Meany, George

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Meany, George,

1894–1980, American labor leader, president of the American Federation of Labor and Congress of Industrial Organizations (AFL-CIO; 1955–79), b. New York City. A plumber, he was elected business agent of his local union in 1922 and rose in 1934 to the presidency of the New York State Federation of Labor. He proved an able lobbyist before the Albany legislature, where he successfully helped promote the passage of 72 prolabor bills. Elected secretary-treasurer of the AFL in 1939, he held that post until his elevation to the presidency upon the death of William Green (1952). When the AFL and the CIO merged in 1955, Meany was elected head of the new federation and was reelected after that without opposition. Angered by reforms in the Democratic party in 1972, Meany was influential in leading the traditionally Democratic AFL-CIO into a neutral stance, supporting neither one of the major candidates in the presidential election. Many observers agreed that this was a significant element in President Nixon's landslide victory. Meany later broke with Nixon, however, and became an early advocate of his resignation or impeachment. A supporter of Jimmy CarterCarter, Jimmy
(James Earl Carter, Jr.), 1924–, 39th President of the United States (1977–81), b. Plains, Ga, grad. Annapolis, 1946.

Carter served in the navy, where he worked with Admiral Hyman G. Rickover in developing the nuclear submarine program.
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 in the 1976 election, Meany later denounced Carter's economic policies.


See J. C. Goulden, Meany (1972).

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The following article is from The Great Soviet Encyclopedia (1979). It might be outdated or ideologically biased.

Meany, George


Born Aug. 16, 1894, in New York. Leader of the right-wing American union movement.

Meany worked as a plumber from 1910 to 1922. From 1922 to 1934 he was one of the leaders of a local section of the plumbers’ union in New York. From 1934 to 1939, Meany was president of the New York State Federation of Labor. From 1940 to 1952 he was secretary-treasurer of the American Federation of Labor (AFL). From 1952 to 1955 he was head of the AFL. In 1955, after the merger of the AFL and the Congress of Industrial Organizations (CIO), Meany became president of the AFL-CIO.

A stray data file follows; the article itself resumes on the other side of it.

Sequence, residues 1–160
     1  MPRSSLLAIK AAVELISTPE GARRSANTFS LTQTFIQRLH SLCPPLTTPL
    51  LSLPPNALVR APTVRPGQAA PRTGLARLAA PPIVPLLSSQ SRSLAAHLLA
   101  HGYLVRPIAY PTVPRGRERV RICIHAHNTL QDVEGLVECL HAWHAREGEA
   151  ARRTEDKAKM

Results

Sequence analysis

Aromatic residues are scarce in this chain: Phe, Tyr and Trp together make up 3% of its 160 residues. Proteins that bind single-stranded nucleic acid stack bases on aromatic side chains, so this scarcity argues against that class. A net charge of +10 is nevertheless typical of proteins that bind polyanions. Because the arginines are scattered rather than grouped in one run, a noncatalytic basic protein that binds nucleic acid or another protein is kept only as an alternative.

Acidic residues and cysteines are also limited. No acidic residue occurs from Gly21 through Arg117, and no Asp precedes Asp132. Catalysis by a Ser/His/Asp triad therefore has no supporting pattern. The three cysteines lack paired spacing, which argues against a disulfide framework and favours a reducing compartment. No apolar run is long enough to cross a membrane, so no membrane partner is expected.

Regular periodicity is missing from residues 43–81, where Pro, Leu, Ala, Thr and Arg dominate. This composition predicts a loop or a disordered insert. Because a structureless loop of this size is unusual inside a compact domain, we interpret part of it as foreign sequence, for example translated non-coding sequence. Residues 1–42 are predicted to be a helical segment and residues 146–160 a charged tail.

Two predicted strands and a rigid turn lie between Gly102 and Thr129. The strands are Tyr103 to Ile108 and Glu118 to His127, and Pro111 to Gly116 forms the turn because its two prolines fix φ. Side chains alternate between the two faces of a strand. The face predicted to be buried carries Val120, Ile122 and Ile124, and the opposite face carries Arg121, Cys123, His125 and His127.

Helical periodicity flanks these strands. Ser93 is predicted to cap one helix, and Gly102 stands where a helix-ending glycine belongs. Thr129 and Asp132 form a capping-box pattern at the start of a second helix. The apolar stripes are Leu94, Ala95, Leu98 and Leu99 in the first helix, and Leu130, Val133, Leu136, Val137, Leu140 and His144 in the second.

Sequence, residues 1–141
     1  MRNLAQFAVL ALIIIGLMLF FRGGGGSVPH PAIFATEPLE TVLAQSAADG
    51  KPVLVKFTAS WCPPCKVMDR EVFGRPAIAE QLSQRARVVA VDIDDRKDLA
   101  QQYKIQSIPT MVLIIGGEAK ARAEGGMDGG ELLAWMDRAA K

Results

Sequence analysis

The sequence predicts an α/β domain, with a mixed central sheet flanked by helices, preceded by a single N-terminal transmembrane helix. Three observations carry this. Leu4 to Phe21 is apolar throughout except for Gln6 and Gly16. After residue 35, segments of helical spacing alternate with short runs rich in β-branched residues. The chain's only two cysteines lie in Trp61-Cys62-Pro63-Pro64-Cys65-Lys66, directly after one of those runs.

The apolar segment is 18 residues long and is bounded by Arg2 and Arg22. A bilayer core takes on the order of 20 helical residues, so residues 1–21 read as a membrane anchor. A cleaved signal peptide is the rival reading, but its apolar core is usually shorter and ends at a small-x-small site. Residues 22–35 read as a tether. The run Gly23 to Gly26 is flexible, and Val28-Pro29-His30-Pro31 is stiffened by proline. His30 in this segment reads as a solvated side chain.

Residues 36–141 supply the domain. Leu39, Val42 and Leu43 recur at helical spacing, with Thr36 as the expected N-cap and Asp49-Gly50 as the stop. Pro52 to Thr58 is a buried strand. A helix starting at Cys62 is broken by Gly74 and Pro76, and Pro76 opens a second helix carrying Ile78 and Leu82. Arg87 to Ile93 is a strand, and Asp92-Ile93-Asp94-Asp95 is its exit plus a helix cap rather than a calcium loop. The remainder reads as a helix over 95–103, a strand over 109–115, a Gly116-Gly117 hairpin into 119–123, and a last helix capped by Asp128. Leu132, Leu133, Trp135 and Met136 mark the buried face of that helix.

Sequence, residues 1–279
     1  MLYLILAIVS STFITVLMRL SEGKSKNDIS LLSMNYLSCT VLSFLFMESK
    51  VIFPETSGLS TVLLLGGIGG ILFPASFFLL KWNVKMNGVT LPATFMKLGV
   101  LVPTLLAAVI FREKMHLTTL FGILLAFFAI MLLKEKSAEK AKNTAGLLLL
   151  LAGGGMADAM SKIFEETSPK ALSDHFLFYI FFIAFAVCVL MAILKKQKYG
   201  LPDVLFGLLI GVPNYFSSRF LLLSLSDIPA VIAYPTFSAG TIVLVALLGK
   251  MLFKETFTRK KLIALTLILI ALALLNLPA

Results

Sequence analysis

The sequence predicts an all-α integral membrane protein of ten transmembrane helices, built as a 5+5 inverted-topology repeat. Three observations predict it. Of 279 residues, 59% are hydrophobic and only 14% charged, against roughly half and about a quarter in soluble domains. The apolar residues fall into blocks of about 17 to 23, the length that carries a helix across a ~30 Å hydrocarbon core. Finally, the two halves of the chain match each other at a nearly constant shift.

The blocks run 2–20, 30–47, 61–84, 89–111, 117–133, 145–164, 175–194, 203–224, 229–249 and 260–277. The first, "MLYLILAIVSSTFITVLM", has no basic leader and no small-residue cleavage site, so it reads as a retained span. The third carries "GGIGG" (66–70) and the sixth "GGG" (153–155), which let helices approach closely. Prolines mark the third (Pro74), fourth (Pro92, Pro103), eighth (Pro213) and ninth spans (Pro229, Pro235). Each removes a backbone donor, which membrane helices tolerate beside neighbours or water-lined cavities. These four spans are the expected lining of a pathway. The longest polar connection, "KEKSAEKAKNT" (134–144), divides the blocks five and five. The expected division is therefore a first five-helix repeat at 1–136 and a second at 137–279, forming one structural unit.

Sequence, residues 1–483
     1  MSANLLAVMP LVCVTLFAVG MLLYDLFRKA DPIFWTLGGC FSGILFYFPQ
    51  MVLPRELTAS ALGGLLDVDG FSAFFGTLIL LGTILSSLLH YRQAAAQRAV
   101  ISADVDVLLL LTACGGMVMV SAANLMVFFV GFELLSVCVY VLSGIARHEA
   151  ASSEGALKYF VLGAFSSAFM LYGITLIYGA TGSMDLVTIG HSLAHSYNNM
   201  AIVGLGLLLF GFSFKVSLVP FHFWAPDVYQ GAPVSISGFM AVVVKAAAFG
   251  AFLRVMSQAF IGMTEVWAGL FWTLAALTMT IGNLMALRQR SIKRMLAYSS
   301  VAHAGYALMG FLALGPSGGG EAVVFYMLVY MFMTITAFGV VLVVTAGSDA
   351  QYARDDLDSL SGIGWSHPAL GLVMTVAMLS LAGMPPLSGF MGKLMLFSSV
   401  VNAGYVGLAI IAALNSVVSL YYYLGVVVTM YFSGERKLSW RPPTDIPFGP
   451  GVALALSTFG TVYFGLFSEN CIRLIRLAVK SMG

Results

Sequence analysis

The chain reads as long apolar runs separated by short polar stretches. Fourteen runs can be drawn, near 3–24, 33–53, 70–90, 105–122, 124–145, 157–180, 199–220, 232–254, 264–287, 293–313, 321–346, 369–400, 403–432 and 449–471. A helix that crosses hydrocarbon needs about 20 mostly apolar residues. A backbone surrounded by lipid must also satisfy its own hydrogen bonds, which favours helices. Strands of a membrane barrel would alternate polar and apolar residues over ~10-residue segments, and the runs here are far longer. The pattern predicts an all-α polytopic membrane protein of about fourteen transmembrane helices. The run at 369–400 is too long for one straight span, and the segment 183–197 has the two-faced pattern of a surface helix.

In 1945, Meany spoke out against the AFL’s membership in the World Federation of Trade Unions (WFTU). After the crearion of the reformist International Confederation of Free Trade Unions in 1949, he became the leader of the group’s extreme right wing, which opposed contacts with the WFTU. An advocate of class collaboration, Meany repeatedly declared that workers and entrepreneurs share the same interests in the strengthening of the capitalist system. During the cold war period, Meany was involved in the persecution of progressively minded union members. Meany opposed the relaxation of international tensions.

The Great Soviet Encyclopedia, 3rd Edition (1970-1979). © 2010 The Gale Group, Inc. All rights reserved.

Meany, George (1894–1980)

former president of the A.F.L.-C.I.O. [Am. Hist.: NCE, 1733]
See: Labor
Allusions—Cultural, Literary, Biblical, and Historical: A Thematic Dictionary. Copyright 2008 The Gale Group, Inc. All rights reserved.

Meany, George

(1894–1980) labor leader; born in New York City. Active first in the plumber's union, then in the New York state federation of labor, he was elected secretary-treasurer of the American Federation of Labor (AFL) in 1939, its president in 1952, and president of the AFL-CIO (Congress of Industrial Organizations) (1955–80).
The Cambridge Dictionary of American Biography, by John S. Bowman. Copyright © Cambridge University Press 1995. Reproduced with permission.
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